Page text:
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How great is breastfeeding, really?

How great is breastfeeding, really?

by Wendy Wright

A year ago

The American Academy of Pediatrics recommends it. The World Health Organization recommends it. All major health organizations with a stake in maternal-child health recommend it. The US government recommends it. Hopefully, your obstetrician, midwife, pediatrician or family doctor recommends it. But then you read other news stories saying that breastfeeding isn’t actually as beneficial as it’s portrayed to be. So, who’s right? Is breastfeeding really that great?

A recent issue of the respected medical journal, The Lancet, provides some insight. The authors looked at research to determine if breastfeeding is healthier and if it saves lives and money on a population level. They looked at data from around the world, from low- and high-income countries, and taking into account many confounding factors. They looked at rates of breastfeeding in the first hour of life, exclusive breastfeeding for the first six months, and breastfeeding duration of 12 months and 24 months. They considered morbidity and mortality statistics and healthcare costs. They commissioned their own reviews, as well as looking at reviews and meta-analyses from other researchers.

The good news is that worldwide greater than 80% of babies are breastfed in the first month of life. But the bad news is that only half of those babies are breastfed in the first hour after birth, and that as the months pass, fewer and fewer babies are getting breastmilk (increasing the likelihood of illness). In addition, the researchers found that as a country’s income increases, breastfeeding rates decrease.

The researchers specifically found …

  • the longer the period of breastfeeding the fewer infections (especially ear, diarrheal and respiratory) and the higher a child’s intelligence compared to breastfeeding for shorter periods or not at all.
  • there is emerging evidence that breastfeeding protects against obesity and diabetes.
  • breastmilk acts as a “personalized medicine,” helping to establish baby’s nascent immune system.
  • breastfeeding protects moms, too, preventing breast and possibly ovarian cancer, and lowering the risk of diabetes.
  • universal breastfeeding might prevent more than 800,000 child deaths and nearly 20,000 breast cancer deaths every year, and can save billions of dollars globally.

On the downside, the authors found that society still lacks enough support for women to meet their breastfeeding goals. They believe we need a paradigm shift for breastfeeding to be thought of as a “collective societal responsibility.” The political and financial investment in breastfeeding promotion and support is one of the most important things that can be done for long-term improvement of society as a whole.

The researchers conclude that six actions can improve global health by improving breastfeeding initiation and continuation:

  • Spread the word: disseminate the evidence of breastfeeding’s protective effects on the health of women and children.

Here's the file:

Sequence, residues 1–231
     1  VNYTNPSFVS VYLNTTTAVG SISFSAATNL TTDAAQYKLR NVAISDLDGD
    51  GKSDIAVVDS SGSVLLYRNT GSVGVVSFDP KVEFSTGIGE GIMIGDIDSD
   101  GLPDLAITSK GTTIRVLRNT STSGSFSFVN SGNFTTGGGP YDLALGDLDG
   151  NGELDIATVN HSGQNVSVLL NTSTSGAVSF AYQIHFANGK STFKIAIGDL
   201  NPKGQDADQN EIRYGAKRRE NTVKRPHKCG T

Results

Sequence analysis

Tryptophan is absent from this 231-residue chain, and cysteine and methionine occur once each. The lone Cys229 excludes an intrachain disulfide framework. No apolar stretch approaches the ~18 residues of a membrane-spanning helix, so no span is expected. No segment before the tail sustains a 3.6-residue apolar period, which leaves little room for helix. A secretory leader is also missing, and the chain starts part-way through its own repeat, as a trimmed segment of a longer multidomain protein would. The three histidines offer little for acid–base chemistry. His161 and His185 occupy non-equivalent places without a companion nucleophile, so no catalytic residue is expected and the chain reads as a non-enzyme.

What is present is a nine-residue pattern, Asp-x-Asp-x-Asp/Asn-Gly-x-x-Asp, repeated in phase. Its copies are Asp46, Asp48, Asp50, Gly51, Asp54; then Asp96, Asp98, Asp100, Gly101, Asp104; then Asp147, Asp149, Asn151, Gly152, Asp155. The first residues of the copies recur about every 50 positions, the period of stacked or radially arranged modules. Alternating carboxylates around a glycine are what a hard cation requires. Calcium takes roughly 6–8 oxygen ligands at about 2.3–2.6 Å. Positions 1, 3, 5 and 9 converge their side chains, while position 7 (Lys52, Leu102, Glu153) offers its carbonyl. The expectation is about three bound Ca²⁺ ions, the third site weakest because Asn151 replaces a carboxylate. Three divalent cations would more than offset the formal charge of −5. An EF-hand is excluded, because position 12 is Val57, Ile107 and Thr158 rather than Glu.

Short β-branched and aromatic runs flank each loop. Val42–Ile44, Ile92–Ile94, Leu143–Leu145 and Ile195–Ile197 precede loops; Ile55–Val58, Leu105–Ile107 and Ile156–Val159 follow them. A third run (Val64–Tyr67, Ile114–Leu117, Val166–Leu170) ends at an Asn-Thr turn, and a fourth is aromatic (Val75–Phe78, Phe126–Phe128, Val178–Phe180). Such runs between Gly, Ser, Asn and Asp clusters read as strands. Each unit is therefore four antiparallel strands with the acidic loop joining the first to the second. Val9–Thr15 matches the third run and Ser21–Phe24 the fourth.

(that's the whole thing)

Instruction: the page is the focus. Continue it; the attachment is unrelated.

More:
• Create a breastfeeding culture: use social media and marketing to support breastfeeding as a “high-value” activity.
  • Make it political: governments should protect, promote and support breastfeeding not only to save lives, but also to save money.
  • Better regulate the formula industry by implementation and (especially) enforcement of the Code of Marketing of Breastmilk Substitutes worldwide.
  • Create better data collection: find ways to more accurately track breastfeeding trends and collect data about the impacts of breastfeeding initiation and duration, and make these methods universal so that statistics from a variety of settings are easier to compare.
  • Make it easier for women to breastfeed: Governments need to enact maternity leave and break time polices that help women continue breastfeeding after returning to work. Health care services also need to implement policies that will aid women in initiating and maintaining breastfeeding from pregnancy through the first moments of life and beyond.

Breastfeeding promotion needs to remain a priority globally - women need policies that protect their ability to nourish and nurture their babies at the breast. The authors write, “breastfeeding is generally thought to be an individual’s decision and the sole responsibility of a woman to succeed, ignoring the role of society in its support and protection.” With the continued growth of the formula industry, we cannot expect breastfeeding rates to increase without political and structural support.

What lactation professionals have been saying for years is confirmed yet again – breastfeeding isn’t just best … not breastfeeding is dangerous to mom’s and baby’s health. But breastfeeding moms need more support than they are currently getting.

As a breastfeeding mom, you already know what a special experience nursing your beautiful baby can be. You can also be safe in the knowledge that the science is behind your decision to nurse your baby. And you can take heart that you are providing supportive example to other moms.


Rollins NC, Bhandari N, Hajeebhoy N, Horton S, Lutter CK, Martines JC, Piwoz EG, Richter LM, Victoria CG. (2016). Why invest, and what it will take to improve breastfeeding practices?. The Lancet, 387(10017), 491-504.

Victora CG, Bahl R., Barros AJD, França GVA, Horton S, Krasevec J, Murch S, Sankar MJ, Walker N, Rollins NC. (2016). Breastfeeding in the 21st century: epidemiology, mechanisms, and lifelong effect. The Lancet, 387(10017), 475-490.


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